Shaftesbury Abbey Museum & Garden
The Abbey at Shaftesbury was part of a nunnery founded by King Alfred in 888. Patronage and pilgrims to the shrine of St Edward helped to make the abbey both rich and famous. It became one of the wealthiest in the country but was destroyed during the Dissolution in 1539. The excavated ruins show the foundations of the abbey church in a peaceful walled garden with an extensive medieval herb collection. The story is told through an audio guide and the use of carved stone and medieval floor tiles and illustrations from ancient manuscripts. Please visit the website for event listings.
Facilities – at a glance
Suitable for all child ages
Assist dogs allowed
- Parking nearby
- Parts of garden not accessible due to uneven ground and steps in garden
- Facilities: Large print guides, audio tour, interactive display
- Accessible toilets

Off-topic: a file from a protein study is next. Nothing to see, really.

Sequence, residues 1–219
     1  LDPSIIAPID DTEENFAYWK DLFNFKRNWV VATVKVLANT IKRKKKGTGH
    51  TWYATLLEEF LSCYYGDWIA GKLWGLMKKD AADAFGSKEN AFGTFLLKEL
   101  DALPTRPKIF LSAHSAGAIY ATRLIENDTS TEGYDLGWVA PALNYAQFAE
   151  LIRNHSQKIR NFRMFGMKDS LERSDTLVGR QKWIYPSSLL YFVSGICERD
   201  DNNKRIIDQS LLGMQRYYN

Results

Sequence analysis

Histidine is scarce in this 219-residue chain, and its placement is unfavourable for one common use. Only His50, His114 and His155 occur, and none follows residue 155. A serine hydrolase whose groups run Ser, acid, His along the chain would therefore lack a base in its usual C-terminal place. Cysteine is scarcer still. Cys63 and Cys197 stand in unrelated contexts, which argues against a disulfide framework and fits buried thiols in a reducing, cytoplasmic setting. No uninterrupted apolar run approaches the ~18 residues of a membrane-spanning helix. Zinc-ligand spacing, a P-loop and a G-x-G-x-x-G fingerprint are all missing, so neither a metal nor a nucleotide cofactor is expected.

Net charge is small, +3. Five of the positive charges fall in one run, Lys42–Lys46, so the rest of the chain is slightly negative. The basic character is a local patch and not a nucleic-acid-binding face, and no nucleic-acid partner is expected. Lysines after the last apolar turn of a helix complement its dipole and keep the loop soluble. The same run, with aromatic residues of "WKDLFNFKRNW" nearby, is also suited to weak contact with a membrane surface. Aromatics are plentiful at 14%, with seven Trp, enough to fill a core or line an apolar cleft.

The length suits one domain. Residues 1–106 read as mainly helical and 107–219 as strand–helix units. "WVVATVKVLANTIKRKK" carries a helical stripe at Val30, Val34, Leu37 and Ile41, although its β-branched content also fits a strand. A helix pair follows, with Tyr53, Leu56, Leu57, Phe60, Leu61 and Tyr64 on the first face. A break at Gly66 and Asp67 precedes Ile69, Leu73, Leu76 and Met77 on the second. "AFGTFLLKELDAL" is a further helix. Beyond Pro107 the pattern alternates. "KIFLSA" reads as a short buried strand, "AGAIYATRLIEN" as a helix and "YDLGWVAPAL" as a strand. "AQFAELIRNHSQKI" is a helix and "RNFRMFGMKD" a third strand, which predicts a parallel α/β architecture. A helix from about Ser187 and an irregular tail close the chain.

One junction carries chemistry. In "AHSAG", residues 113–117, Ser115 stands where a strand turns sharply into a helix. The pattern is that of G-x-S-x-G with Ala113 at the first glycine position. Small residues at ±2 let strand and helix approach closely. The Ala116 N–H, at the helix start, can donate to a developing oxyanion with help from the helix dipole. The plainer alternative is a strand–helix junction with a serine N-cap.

- Opening Times: Open Apr-Oct, daily 10-5
Also in the Area
About The area
Dorset means rugged varied coastlines and high chalk downlands. Squeezed in among the cliffs and set amid some of Britain’s most beautiful scenery is a chain of picturesque villages and seaside towns. Along the coast you’ll find the Lulworth Ranges, which run from Kimmeridge Bay in the east to Lulworth Cove in the west. Together with a stretch of East Devon, this is Britain’s Jurassic Coast, a UNESCO World Heritage Site and Area of Outstanding Natural Beauty, noted for its layers of shale and numerous fossils embedded in the rock. Among the best-known natural landmarks on this stretch of the Dorset coast is Durdle Door, a rocky arch that has been shaped and sculpted to perfection by the elements. The whole area has the unmistakable stamp of prehistory.
Away from Dorset’s magical coastline lies a landscape with a very different character and atmosphere, but one that is no less appealing. Here, winding, hedge-lined country lanes lead beneath lush, green hilltops to snug, sleepy villages hidden from view and the wider world. The people of Dorset are justifiably proud of the achievements of Thomas Hardy, its most famous son, and much of the county is immortalised in his writing.
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